By MATT HOPF
Herald-Whig Staff Writer
Hundreds of people gathered in the Quincy Mall Saturday afternoon in support of Larry Toolate, who is known simply as "The Dancing Man."
Toolate was recently told by mall staff that he could not dance on its property, but he said he was not given a reason. However, he is taking the request in stride.
"I didn't have any problem with that, because I have the rest of Quincy to dance in," he said. "I'm going to do what they request. If it's their wish that I discontinue it, fine. It won't keep me from dancing from everywhere else."
Toolate said if he bumped into anyone while he was dancing at the mall, he made sure to apologize.
The protest was organized by a Facebook page dedicated to "The Dancing Man," which has more than 7,000 fans. He has become sort of a Quincy icon who can regularly be seen dancing along Broadway with his Walkman.
According to the protest's event page, the group was originally going to dance from one end of the mall to other to the sound of Men Without Hats' "The Safety Dance."
Wearing a leather jacket, Toolate instead led the crowd on a walk through the length of the mall before congregating in front of Bergner's. Toolate and a few supporters briefly danced in front of the department store as the crowd chanted "Let him dance."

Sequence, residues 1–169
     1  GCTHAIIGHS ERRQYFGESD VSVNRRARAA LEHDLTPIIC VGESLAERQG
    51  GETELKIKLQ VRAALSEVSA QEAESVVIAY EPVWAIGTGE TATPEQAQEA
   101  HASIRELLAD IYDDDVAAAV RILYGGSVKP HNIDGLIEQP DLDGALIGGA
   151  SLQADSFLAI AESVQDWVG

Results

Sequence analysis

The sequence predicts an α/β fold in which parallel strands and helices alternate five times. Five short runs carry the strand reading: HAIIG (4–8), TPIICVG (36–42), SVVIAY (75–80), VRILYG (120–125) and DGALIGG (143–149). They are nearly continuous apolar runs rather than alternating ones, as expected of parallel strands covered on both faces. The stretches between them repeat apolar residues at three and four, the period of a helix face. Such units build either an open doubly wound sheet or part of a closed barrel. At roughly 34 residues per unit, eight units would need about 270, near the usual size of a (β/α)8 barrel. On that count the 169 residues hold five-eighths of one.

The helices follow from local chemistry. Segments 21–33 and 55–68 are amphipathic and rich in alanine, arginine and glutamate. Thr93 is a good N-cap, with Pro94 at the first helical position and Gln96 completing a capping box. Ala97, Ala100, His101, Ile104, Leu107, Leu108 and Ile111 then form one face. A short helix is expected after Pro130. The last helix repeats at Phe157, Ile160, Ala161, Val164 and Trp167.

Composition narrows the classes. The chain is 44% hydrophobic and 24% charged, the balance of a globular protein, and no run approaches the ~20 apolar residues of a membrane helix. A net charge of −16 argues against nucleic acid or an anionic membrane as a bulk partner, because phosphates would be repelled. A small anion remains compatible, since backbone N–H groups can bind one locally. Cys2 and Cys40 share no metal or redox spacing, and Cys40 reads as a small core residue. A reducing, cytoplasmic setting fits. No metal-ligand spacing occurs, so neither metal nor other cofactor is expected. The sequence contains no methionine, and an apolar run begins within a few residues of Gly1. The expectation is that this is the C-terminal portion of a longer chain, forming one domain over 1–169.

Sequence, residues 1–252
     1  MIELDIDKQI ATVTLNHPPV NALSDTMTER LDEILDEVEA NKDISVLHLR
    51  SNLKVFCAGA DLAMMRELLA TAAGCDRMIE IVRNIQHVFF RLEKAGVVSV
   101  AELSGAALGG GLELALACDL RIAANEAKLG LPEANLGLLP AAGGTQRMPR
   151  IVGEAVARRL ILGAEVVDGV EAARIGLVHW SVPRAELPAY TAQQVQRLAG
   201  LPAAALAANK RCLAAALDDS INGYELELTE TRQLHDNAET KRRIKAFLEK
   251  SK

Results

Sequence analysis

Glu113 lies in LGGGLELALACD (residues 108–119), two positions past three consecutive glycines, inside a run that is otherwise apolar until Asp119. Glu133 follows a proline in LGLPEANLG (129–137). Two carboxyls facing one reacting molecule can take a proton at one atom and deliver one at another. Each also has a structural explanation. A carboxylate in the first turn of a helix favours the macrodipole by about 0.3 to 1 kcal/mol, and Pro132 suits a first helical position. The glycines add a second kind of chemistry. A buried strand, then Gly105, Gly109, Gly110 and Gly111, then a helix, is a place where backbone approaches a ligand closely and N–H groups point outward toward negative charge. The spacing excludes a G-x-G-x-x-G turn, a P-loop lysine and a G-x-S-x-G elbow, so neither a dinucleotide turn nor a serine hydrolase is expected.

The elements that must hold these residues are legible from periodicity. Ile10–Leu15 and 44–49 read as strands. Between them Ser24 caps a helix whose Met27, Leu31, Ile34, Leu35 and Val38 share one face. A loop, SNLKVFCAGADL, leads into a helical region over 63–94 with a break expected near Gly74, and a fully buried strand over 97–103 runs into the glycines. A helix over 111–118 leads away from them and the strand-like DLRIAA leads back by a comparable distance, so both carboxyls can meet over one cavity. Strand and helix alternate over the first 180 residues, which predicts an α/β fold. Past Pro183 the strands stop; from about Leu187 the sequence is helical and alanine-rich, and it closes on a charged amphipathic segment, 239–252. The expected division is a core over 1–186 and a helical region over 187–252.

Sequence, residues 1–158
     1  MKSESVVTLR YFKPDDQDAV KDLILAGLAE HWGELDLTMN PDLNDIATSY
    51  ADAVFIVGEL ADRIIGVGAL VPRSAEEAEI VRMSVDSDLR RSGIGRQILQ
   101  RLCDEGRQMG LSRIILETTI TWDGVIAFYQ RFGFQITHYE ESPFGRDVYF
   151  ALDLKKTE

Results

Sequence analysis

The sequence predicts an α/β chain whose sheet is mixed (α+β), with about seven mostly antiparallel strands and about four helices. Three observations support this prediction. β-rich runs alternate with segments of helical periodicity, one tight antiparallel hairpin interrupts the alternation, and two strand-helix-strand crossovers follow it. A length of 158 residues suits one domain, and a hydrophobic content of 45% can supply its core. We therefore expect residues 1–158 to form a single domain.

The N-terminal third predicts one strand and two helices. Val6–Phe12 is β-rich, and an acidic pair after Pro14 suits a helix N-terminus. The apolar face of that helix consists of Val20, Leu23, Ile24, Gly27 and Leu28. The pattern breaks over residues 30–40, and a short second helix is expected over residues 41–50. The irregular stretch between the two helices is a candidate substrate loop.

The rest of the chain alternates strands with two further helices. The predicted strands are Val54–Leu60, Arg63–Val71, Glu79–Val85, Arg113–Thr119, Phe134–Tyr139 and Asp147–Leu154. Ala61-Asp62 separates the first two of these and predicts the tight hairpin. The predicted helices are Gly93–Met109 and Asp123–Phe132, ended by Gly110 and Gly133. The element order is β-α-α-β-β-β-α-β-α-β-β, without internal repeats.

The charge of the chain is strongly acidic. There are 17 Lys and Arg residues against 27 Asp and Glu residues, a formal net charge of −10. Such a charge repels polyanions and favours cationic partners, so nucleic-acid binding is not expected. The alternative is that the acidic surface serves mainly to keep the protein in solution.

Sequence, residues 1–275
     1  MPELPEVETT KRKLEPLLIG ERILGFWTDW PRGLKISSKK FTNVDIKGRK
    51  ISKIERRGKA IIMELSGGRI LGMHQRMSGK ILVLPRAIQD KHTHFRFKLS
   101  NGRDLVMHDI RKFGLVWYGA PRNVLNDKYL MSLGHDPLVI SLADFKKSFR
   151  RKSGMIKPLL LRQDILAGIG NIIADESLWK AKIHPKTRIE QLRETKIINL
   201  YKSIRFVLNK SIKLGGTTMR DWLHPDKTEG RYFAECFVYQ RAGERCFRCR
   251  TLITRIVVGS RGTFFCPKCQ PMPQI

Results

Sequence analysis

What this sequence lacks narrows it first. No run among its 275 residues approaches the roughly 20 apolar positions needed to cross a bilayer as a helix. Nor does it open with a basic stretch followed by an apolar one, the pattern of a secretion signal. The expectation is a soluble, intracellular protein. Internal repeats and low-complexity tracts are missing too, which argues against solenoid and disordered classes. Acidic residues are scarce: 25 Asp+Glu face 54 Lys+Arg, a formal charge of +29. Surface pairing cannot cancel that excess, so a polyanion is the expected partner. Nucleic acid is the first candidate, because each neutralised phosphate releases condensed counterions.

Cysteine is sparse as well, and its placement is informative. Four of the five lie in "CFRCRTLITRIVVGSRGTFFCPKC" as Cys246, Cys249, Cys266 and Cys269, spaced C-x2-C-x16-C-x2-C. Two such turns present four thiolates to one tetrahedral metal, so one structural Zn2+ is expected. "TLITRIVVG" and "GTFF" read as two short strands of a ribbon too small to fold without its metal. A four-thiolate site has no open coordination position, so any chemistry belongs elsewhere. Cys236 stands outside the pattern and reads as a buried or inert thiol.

"I couldn't be happier," Toolate said as he looked at the people who showed up to support him.
Toolate said while he can't dance in the mall, he will still visit it.
Hannibal, Mo., resident Allysha Leonard said she attended to support "The Dancing Man," who she has seen occasionally while visiting Quincy.
"I think other things could happen in this mall besides someone dancing," she said. "If he wants to dance, let him dance."
The mall manager was unavailable for comment Saturday, but on Thursday the mall posted a statement on its Facebook page saying it could not respond to every message regarding Toolate.
"All patrons are asked to follow the rules of the mall, which is private property," the mall said in the statement. "In no way was Larry â€˜banned' from the mall. He was politely asked to refrain from dancing throughout the common area of the mall and we would like to thank him for complying with our request. Our ultimate concern is for the safety of our tenants and guests."
Most businesses remained open in the mall during the protest, but Fred Meyer Jewelers, which is next to Bergner's, closed briefly. An employee in the store said it was a corporate policy to close during protests, and the jeweler reopened once the crowd dispersed.
The Quincy Police Department had two officers stationed at the mall during the protest, but no arrests or incidents were reported.